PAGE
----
Yankee pitcher Lidle killed in Manhattan plane crash
Yankees pitcher's plane crashes into Manhattan high-rise
POSTED: 5:23 p.m. EDT, October 11, 2006
NEW YORK (CNN) -- Yankees pitcher Cory Lidle was the sole person aboard the plane that crashed Wednesday into a high-rise apartment building in New York, FBI officials told CNN.
Emergency responders found his passport in the street below, the officials said.
The small airplane was a Cirrus SR-20 registered to Lidle, 34, said Yankees manager Joe Torre.(Watch witness accounts of cascading fireballs and a plane split in half -- 1:58 Video)
There was a mayday, FAA reports, from the pilot involving a problem with fuel before the aircraft crashed into the 50-story high-rise on Manhattan's East Side.
One other person was reportedly killed, according to the New York City Fire Department and New York City Police Department.
Flames shot out from several windows midway up the luxury high-rise in a residential neighborhood. Paramedics and rescue workers are treating people on the ground.
The Federal Aviation Administration described the plane as a "general aviation" fixed-wing aircraft flying under visual flight rules, meaning a pilot was flying by visual landmarks. (Watch the orange flames ravage the apartment -- 1:50)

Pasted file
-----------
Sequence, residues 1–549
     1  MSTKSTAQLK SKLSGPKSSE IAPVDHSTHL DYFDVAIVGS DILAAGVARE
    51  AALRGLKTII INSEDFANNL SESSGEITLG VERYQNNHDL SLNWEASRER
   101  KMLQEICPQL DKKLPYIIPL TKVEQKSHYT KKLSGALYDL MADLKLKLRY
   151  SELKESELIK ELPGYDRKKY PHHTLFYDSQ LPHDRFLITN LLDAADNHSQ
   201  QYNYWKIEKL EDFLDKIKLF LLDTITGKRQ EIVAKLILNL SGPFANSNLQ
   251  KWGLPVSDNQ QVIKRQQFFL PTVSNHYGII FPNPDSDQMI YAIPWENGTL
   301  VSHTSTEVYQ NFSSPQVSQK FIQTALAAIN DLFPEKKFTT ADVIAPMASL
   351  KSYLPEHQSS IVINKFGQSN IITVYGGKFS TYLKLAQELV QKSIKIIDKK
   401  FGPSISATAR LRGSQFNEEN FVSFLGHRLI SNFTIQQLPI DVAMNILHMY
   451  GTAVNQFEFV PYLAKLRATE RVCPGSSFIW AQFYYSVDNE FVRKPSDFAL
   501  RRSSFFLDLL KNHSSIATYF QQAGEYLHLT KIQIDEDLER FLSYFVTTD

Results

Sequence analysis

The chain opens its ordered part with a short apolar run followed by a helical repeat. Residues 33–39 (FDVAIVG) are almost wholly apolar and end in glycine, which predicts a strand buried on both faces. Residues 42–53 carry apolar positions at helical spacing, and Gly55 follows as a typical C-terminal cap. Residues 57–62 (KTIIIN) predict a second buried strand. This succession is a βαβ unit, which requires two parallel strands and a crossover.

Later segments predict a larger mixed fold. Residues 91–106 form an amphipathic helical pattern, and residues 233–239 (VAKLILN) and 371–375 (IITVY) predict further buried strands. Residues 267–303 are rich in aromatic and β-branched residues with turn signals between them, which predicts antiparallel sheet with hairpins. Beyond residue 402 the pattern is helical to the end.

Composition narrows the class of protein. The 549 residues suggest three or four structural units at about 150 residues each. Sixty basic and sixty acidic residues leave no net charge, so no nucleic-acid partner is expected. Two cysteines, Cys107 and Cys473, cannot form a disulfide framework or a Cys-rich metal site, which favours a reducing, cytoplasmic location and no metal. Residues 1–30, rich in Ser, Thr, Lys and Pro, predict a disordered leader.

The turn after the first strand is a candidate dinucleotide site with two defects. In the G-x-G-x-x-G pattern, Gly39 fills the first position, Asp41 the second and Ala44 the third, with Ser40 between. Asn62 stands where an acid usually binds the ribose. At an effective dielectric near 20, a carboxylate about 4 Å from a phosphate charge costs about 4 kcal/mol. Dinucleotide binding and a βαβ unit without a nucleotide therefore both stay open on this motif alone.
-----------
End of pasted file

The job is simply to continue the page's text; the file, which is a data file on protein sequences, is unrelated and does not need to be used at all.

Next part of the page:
The plane hit the Belaire Condominiums at 524 E. 72nd Street near the East River. More than 150 firefighters are on scene of a four-alarm fire in the building.
Immediately after the crash NORAD (North American Aerospace Defense Command) said it had put fighter aircraft into the air over numerous U.S. cities, though they said they had no reason to believe the event in New York was anything more than an accident, sources told CNN's Barbara Starr. NORAD did the same thing after the September 11, 2001, terrorist attacks.
NORAD Admiral Timothy Keating told CNN within an hour after the crash that the agency believed terrorism was not involved.
Steve Coleman, a spokesman for the Port Authority of New York and New Jersey, which runs New York area airports said he had "no idea where [the plane] came from."
"We haven't heard from any of our facilities that anything's missing," said Coleman.
New York City government source told CNN there are "no indications of terrorism."
The FAA placed a one-mile flight restriction around the site of the crash, but New York area airports were not affected.
A senior U.S. official in Washington said the administration was waiting for more information.
Witness Henry Neimark, who is also a pilot, said he saw a plane flying at relatively low altitude which seemed to come from LaGuardia International Airport.
It was a cloudy, rainy day, but not horribly foggy.
This is the second Yankee to die as a pilot in a plane crash. Former Yankee captain catcher Thurman Munson died in a plane crash in Ohio in 1979.
posted by Steve @ 5:43:00 PM